|A circa 1864 depiction of Ottilie and the dead child Otto by German painter Wilhelm von Kaulach (1802-1874). |
David Constantine, English translator of the 1994 Oxford World Classics edition of Elective Affinities, likewise argues that Ottilie could have been based on one of three people, firstly Christiane Vulpius, a girl from a local flower shop, who became Goethe’s mistress and whom he lived with for eighteen years. Ottilie could also have been Minna Herzlieb who Goethe began to have feelings for, a year after marrying Christiane; as he comments: 
“Goethe wrote a sequence of sonnets for her [Herzlieb]; and it has very often been said that she moved him to write Elective Affinities much as Charlotte Buff had moved him to write Werther, and that she appears in it as Ottilie.”
Constantine, however, also argues that Ottilie could have been Sylvie von Ziegesar whom Goethe was seeing frequently during his usual summer stay in Karlsbad in 1808. It has also been noted that between 1788 and 1816 Goethe was in love, more or less passionately, more or less intimately, half-a-dozen times at least. 
The most-cogent argument for the bulk of the person behind the character Ottilie, however, comes from Goethean scholar Hjalmar Boyesen who, in 1879, explained that Ottilie was based on Minna Herzlieb: 
“Goethe’s affair with Minna Herzlieb, the adopted daughter of the bookseller Fromman, in Jena, was a kind of poetic devotion, at a time when he was yet bound to another naturally stimulated him to many reflections concerning the nature and validity of marriage, and these reflections, embodied in living characters, furnished the theme of the novel, Elective Affinities.”
In other words, just as Ottilie was the adopted daughter of Charlotte's deceased best friend, so to was Minna the adopted daughter of one of Goethe's friends, the bookseller Fromman, in Jena, with whom Goethe had developed strong amorous feelings towards. To corroborate, as Goethean historian Calvin Thomas explains: 
“[Toward the end of 1807] to while away the otherwise lonely and tedious winter evenings he resorted to the homes of congenial friends, among whom was the bookseller Frommann. One of the members of the Frommann household was Wilhelmina Herzlieb, a shy girl of eighteen year whom Goethe had known casually for ten years. He liked her very much—more than was ‘proper’, as he admitted to Zelter some years later—while she seems to have looked up to him with veneration, counting herself blest to be admitted to such choice society.”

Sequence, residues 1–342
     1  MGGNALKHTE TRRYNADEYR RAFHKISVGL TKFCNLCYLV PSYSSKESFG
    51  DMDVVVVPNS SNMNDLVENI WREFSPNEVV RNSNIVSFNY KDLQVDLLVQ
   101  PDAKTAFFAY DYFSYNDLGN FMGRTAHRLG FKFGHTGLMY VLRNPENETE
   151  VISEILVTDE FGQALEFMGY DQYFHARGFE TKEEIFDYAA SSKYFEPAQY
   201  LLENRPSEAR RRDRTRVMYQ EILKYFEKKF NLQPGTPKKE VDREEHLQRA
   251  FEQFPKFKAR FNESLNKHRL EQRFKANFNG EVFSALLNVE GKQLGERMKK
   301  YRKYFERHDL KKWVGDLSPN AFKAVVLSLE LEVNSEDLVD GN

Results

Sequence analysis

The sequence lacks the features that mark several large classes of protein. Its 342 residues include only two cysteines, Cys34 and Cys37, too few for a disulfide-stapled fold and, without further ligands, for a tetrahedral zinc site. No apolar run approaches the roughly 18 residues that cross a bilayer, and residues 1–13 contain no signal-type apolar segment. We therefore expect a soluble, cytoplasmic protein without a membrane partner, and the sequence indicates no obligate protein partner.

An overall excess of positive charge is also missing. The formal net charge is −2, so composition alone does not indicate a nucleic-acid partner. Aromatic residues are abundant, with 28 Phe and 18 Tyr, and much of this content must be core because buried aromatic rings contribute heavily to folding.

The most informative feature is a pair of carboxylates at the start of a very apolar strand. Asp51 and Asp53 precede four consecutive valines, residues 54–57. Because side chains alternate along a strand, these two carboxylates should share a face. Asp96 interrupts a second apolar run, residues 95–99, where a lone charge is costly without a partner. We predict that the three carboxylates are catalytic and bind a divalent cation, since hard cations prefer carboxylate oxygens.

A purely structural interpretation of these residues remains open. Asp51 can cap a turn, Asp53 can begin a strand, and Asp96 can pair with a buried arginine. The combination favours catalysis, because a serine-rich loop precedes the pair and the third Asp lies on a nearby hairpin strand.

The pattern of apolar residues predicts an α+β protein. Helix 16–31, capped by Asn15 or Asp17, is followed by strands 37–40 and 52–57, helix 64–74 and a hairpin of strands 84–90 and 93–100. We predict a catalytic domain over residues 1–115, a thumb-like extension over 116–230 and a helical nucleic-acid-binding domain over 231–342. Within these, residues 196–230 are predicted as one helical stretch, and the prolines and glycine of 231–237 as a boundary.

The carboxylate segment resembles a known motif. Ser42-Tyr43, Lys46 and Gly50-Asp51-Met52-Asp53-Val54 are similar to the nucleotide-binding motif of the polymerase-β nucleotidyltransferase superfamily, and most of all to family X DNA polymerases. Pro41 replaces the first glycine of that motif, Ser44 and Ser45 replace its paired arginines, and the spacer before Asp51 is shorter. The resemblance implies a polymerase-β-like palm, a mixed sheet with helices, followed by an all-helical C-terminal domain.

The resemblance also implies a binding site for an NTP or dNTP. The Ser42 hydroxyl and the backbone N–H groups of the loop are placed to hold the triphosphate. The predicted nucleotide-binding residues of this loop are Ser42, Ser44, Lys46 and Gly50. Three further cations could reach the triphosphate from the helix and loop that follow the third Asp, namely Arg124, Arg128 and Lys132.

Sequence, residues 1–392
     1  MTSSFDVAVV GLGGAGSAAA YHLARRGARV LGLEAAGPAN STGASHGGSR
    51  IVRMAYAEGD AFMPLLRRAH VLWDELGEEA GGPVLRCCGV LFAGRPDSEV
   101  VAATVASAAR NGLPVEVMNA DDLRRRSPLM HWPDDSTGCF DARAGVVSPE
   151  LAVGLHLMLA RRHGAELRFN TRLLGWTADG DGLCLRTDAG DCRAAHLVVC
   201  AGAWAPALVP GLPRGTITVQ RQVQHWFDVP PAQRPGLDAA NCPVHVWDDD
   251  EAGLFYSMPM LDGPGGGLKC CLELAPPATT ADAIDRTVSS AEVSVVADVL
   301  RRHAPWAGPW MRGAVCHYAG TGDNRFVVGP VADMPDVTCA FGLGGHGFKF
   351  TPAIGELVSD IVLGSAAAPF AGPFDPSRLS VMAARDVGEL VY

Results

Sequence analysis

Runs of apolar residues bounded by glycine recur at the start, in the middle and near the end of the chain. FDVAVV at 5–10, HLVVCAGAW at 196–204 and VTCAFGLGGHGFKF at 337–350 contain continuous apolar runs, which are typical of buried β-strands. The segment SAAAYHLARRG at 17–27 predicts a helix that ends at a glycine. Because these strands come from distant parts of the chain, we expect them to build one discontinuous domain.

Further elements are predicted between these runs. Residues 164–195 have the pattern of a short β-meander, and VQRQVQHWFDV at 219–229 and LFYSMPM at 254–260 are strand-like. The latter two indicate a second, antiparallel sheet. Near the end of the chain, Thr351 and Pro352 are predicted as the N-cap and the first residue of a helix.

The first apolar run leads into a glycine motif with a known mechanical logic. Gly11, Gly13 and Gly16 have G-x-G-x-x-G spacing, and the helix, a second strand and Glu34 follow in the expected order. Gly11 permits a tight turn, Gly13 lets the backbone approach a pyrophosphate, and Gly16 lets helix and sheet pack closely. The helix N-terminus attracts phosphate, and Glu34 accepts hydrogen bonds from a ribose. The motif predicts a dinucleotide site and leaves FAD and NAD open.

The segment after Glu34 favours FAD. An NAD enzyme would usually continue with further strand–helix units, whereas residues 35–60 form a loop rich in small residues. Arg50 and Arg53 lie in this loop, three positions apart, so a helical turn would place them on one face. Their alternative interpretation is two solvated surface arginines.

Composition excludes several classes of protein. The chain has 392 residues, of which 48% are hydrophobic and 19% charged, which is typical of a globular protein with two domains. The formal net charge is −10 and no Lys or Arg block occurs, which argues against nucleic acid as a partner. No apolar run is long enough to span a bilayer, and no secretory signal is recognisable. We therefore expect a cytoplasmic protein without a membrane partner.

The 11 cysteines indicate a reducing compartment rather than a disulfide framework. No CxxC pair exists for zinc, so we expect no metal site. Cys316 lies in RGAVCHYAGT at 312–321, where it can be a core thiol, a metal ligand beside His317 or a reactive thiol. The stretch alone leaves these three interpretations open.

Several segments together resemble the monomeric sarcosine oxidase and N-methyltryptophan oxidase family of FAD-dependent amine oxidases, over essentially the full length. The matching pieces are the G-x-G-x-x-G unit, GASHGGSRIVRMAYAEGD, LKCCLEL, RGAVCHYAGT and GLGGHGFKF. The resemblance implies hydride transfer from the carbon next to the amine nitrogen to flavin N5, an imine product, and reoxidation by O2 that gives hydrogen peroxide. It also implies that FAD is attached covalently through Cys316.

Goethe’s biographer George Lewes points out that “at length it was resolved to send Minna to school, and this absolute separation saved them both” just as “in the novella, Ottilie also is sent back to school.”  The main source for the Ottilie character seems to have been Minna Herzlieb.
|Person Behind the Character|
|Christiane Vulpius (1765-1816)||A girl from a local flower shop, who became Goethe’s mistress (because of her class), whom he lived with for eighteen years; married her in 1806; bore him five children.|
|Minna Herzlieb (1765-1839)||In 1807, she came to Weimar, where she met Goethe, who presented her with some sonnets; it has been argued that she may have been one of the models for Ottilie.|
|Sylvie von Ziegesar (1785-1858)||Goethe was seeing her frequently during his usual summer stay in Karlsbad in 1808; and it has been said she to was the model for Ottilie. She was the subject of Goethe's poem: "To Sylvie von Ziegesar".|
|Johann Goethe (1749-1832)||It has been argued that the Ottilie character was based on Goethe's youthful (age 27) entry into the established Charlotte von Stein (age 34) family.|
Goethe in youth
One of the more telling suppositions as to the character of Ottilie comes from German philosopher Herman Grimm who argues that the Ottilie character was based on Goethe’s experience in 1776 at the age of 27 when entered the life of Charlotte von Stein (age 34): 
“Into their wedded life Ottilie enters, as Goethe once found his way into the Frau von Stein’s family.”
This is corroborated by Goethe’s 1780 writings to Lavater about Frau von Stein:
“She has gradually succeeded to the position of mother, sister, beloved one; and a bond unites us which seems like these natural ties.”
To Goethe, according to Grimm, Stein had become son, brother, lover, all in one. Grimm goes on to allude to the conclusion that the child, or "poor creature" as Grimm calls it, born out of this unnatural relation is Goethe's realization of the disastrous outcome that would have befell him had he stayed with Stein relation in those early years, in that older woman type of situation.
● Ottilie Pogwisch
1. Constantine, David. (1994). “Introduction” (to English translation of Elective Affinities). Oxford University Press.
2. Lewes, George H. (1864). The Life of Goethe (pg. 504). Smith, Elder and Co.
3. Boyesen, Hjalmar H. (1879). Goethe and Schiller: Their Lives and Collected Works (pgs. 120-24). C. Scribner’s Sons.
4. Thomas, Calvin. (1917). Goethe (pg. 132). H. Holt and Co.
5. Grimm, Herman F. (1880). The Life and Times of Goethe (pg. 465). Trans. Sarah Adams. Little, Brown, and Company.
6. (a) Goethe timeline (elective affinities section)– GoetheZeitPortal.de.
(b) Wilhelm von Kaulbach – Wikipedia.
(c) Ottilie (c.1864) – PDMP Gallery.